We’re in the middle of our first big winter storm of the season at Rogue Farms in Tygh Valley, and the falling snow and low hanging clouds have created a beautiful scene of solitude and silence. It’s as if the rest of the world had suddenly disappeared.
The Risk™ malting barley fields appear to be doing okay. No signs of cold damage, at least not yet. With snow on the ground, we can relax knowing that our barley will remain protected from any further damage as it sleeps under its big, white blanket.
We like to think our farm in Tygh Valley is beautiful any time of year, but winter is somehow special. We hope you enjoy the photos as much as we do.
One of our fields of Risk™ malting barley.
Tom’s got a secret. We know this because it strolled into the Hopyard just the other day.
Tom, for those of you who need some refreshing, is our male Royal Palm Turkey. His secret is that when our hen Juniper was out in the woods raising her brood, Tom was out in the woods having an adventure of his own.
Take a look at the incriminating evidence.
On the right, the new Hopyard turkey has a white tail end like his father. But the front half is similar to the natural camouflage of a wild breed.
Our new hybrid turkey is called a jake, which means he’s a nearly full grown male. The jake is getting along fine with his new found family and enjoys the reliable source of food he gets at the Hopyard. But don’t expect him to be as friendly as his siblings. He’s skittish around people. There’s still some wild left in that turkey that may never be tamed.
The new turkey with one of his siblings. Notice the family resemblance?
Recently we followed Rogue Ales brewmaster John Maier as he hand-picked Freedom Hops fresh off the bine at the Rogue Farms Micro Hopyard in Independence, Oregon and then immediately drove them 77 miles to the brewery in Newport, Oregon. We are pleased to announce that Chatoe Rogue Wet Hop Ale has been brewed and bottled and is now available at www.rogue.com/store/
We Grow Hops. Taste the difference.
The GYO hops at the Rogue Farms hopyard in Independence are ready for harvest, and you know what that means: Wet Hop Ale. Freedom Hops were hand picked by Rogue Brewmaster John Maier this week. A 98 minute drive to our brewery in Newport, Oregon later, those still wet hops were added to the brew kettle to make Wet Hop Ale. Keep your eye out for it in the coming weeks!
Rogue Brewmaster John Maier inspecting the hops at the Rogue Farms Hopyard in Independence, OR.
Hand-picking the Freedom Hops.
98 minutes later: pitching the wet hops into the brew kettle at the Rogue Brewery in Newport, Oregon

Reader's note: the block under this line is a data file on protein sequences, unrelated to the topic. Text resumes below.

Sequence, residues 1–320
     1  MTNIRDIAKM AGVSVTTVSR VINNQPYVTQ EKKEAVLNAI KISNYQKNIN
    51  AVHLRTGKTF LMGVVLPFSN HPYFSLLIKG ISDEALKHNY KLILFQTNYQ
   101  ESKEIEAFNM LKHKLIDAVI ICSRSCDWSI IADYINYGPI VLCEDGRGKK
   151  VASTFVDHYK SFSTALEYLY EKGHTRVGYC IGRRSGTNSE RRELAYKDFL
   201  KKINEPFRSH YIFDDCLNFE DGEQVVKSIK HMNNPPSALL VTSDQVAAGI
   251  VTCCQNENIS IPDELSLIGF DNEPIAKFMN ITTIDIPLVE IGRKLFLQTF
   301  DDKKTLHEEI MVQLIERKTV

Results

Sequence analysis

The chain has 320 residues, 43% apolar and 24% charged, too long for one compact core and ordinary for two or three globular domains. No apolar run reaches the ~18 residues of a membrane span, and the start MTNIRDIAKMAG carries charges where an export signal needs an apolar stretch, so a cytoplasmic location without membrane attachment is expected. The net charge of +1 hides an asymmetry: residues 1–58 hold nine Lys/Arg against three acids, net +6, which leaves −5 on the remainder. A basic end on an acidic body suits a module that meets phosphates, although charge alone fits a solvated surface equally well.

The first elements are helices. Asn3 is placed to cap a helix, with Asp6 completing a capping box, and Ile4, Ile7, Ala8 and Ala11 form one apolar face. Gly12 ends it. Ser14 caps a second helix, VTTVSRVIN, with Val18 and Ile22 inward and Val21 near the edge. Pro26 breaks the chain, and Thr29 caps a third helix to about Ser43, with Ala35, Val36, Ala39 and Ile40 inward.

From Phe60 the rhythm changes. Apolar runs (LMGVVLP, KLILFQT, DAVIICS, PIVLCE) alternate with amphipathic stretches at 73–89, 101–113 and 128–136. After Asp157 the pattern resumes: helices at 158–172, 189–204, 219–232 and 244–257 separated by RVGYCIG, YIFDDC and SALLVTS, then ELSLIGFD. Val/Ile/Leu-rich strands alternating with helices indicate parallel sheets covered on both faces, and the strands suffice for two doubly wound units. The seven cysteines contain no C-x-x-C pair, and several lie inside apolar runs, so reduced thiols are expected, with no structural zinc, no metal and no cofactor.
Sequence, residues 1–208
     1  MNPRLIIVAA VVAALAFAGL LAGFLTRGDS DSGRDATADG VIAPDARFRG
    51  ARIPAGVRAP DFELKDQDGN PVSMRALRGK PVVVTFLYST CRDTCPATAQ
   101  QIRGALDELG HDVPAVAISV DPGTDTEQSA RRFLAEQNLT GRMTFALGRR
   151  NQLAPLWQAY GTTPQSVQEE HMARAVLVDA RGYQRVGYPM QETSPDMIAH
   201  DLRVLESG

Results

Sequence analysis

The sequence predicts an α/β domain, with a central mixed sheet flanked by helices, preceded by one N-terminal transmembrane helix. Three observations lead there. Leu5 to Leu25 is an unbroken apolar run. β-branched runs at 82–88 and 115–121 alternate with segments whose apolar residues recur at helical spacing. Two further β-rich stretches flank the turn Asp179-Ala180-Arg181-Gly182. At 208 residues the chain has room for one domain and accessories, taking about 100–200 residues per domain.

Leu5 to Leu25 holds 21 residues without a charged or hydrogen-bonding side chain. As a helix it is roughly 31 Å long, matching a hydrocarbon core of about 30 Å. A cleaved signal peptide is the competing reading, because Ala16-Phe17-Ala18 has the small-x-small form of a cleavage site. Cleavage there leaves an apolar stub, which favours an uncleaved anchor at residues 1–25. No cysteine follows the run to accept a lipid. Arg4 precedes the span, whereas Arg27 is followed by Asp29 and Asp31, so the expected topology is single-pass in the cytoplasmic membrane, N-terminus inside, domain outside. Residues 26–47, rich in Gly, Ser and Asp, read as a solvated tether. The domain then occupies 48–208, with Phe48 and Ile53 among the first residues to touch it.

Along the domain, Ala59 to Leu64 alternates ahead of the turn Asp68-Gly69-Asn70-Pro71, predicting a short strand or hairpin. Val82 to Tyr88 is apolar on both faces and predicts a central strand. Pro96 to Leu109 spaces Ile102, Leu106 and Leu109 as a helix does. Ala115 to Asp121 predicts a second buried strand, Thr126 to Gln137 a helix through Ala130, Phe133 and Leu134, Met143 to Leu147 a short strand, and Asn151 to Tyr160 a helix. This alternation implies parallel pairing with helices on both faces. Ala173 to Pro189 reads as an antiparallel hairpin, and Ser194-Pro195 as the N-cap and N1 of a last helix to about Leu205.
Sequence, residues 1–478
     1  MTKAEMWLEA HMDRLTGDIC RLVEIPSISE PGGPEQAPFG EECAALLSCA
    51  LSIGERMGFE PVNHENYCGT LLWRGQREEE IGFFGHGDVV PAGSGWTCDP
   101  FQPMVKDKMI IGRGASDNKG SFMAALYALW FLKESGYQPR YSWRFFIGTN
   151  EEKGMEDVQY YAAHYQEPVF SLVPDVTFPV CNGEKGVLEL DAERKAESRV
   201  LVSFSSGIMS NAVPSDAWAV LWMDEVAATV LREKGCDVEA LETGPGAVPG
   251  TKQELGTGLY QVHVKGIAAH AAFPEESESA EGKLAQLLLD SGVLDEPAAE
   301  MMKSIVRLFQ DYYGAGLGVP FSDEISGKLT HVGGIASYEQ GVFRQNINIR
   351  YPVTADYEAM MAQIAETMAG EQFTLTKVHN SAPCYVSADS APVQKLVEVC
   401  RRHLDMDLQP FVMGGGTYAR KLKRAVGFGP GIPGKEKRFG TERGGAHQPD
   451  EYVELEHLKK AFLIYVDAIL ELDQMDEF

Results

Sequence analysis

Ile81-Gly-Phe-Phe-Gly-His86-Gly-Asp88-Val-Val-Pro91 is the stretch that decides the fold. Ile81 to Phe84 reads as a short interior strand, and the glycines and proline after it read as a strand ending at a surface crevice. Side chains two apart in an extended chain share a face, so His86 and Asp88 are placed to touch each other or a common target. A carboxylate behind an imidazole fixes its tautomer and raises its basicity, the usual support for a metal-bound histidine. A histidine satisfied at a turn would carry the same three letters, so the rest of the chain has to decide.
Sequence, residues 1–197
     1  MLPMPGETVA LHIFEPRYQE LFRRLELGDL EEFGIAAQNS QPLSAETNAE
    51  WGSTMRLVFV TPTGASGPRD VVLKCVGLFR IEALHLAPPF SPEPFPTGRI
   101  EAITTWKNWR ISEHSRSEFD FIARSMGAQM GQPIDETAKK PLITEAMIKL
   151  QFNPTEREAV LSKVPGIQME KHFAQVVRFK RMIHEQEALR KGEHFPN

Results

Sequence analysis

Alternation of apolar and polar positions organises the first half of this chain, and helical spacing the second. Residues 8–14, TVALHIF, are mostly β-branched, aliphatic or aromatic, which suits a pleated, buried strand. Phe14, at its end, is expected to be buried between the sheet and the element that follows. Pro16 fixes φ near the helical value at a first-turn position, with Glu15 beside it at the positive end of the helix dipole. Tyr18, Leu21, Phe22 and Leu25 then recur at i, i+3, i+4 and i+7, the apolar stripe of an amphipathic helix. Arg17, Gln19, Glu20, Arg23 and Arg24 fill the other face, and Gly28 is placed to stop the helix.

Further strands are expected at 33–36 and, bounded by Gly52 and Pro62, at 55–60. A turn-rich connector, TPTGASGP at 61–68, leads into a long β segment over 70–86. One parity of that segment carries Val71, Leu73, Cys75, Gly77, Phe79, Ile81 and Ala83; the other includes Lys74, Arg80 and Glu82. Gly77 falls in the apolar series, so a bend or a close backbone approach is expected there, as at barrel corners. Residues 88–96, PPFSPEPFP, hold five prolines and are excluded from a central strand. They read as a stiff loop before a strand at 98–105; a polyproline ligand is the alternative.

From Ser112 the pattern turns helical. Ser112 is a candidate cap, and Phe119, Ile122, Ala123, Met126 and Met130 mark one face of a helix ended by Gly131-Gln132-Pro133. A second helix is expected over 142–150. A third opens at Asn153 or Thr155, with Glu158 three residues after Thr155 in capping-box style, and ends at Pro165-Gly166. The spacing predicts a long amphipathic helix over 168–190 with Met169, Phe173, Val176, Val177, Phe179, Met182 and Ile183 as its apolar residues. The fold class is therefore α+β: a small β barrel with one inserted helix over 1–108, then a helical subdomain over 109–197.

The finished product.
Stay tuned on updates on our Dream Rye Harvest at the Rogue Farm in Independence, Oregon- it’ll happen any day now!
We just began harvesting our 100 acres of Risk barley, which closely followed the Dare barley that was harvested a few weeks ago at the Rogue Farms Barley Farm in Tygh Valley, Oregon.
Did you know that the Dare and Risk malting barley grown at our farm goes right into each bottle of Chatoe Rogue Single Malt Whiskey?
Hop Harvest is about to begin! Join Rogue Farms at the Hopyard for the journey from terroir to tap!
Within the next couple weeks, the Rogue Department of Agriculture will begin trimming, separating, sorting, kilning, cooling and baling each of their seven varieties of Rogue GYO Certified aroma hops.
Take a look at the photos below to see the process from start to finish. You can also check out our Hop Harvest video here to learn more, and visit rogue.com for updates on harvest dates and times.
The Rogue Farms Hopyard in Independence, Oregon where we grow and harvest our own.
1. Dry Matter Testing: Tells you when the cones are ready for harvesting. 20% dry matter is a really good number. Of course the old timers used to just pull apart the cones and smell them.
2. Trimming: The harvest begins with cutting the bines just above the ground. Then large machines go through the hopyard and cut the bines from the wires. The loose bines fall into trucks and are brought to the processing area.
3. Separating: Feed the bines into a giant raking machine that strips off the cones, leaves and stems. This machine is called the picker.
4. Run everything through a series of conveyor belts, dribble belts and fans. Coming out on the other end will be nice, clean cones. This technology hasn’t changed since the 1980s.
5. Kilning: Big furnaces heat the hops to 145 degree F to 155 degree F to bring down moisture levels so the hops can be stored and shipped.
6. Cooling: Hops sit around in big piles for 24 hours to cool down before they’re baled.
7. Baling: The hops are pressed into 200lbs bales, wrapped in burlap and hand stitched.
8. The finished product. The Farmers and Fermenters of the Rogue Nation remain committed to saving the terroir of hops and barley one acre at a time by growing their own.